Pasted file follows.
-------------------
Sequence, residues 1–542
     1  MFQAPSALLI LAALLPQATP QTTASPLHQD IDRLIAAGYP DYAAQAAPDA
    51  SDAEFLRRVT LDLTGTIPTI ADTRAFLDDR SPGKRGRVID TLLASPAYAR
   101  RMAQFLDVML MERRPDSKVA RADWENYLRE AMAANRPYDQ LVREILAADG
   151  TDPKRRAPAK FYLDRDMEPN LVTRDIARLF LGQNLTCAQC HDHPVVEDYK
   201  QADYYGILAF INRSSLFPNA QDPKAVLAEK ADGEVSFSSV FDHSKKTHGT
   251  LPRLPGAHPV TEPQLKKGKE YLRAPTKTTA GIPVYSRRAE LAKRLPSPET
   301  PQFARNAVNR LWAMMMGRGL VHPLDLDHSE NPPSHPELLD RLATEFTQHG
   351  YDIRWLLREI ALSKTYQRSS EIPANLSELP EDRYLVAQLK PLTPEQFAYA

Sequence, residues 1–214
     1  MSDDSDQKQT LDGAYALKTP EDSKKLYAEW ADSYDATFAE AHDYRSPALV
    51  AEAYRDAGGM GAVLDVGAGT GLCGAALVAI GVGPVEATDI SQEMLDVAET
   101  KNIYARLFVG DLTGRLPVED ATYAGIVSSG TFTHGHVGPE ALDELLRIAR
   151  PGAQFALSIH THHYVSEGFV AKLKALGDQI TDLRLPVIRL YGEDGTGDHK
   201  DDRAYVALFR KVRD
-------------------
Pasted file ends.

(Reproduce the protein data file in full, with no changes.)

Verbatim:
Sequence, residues 1–542
     1  MFQAPSALLI LAALLPQATP QTTASPLHQD IDRLIAAGYP DYAAQAAPDA
    51  SDAEFLRRVT LDLTGTIPTI ADTRAFLDDR SPGKRGRVID TLLASPAYAR
   101  RMAQFLDVML MERRPDSKVA RADWENYLRE AMAANRPYDQ LVREILAADG
   151  TDPKRRAPAK FYLDRDMEPN LVTRDIARLF LGQNLTCAQC HDHPVVEDYK
   201  QADYYGILAF INRSSLFPNA QDPKAVLAEK ADGEVSFSSV FDHSKKTHGT
   251  LPRLPGAHPV TEPQLKKGKE YLRAPTKTTA GIPVYSRRAE LAKRLPSPET
   301  PQFARNAVNR LWAMMMGRGL VHPLDLDHSE NPPSHPELLD RLATEFTQHG
   351  YDIRWLLREI ALSKTYQRSS EIPANLSELP EDRYLVAQLK PLTPEQFAYA

Sequence, residues 1–214
     1  MSDDSDQKQT LDGAYALKTP EDSKKLYAEW ADSYDATFAE AHDYRSPALV
    51  AEAYRDAGGM GAVLDVGAGT GLCGAALVAI GVGPVEATDI SQEMLDVAET
   101  KNIYARLFVG DLTGRLPVED ATYAGIVSSG TFTHGHVGPE ALDELLRIAR
   151  PGAQFALSIH THHYVSEGFV AKLKALGDQI TDLRLPVIRL YGEDGTGDHK
   201  DDRAYVALFR KVRD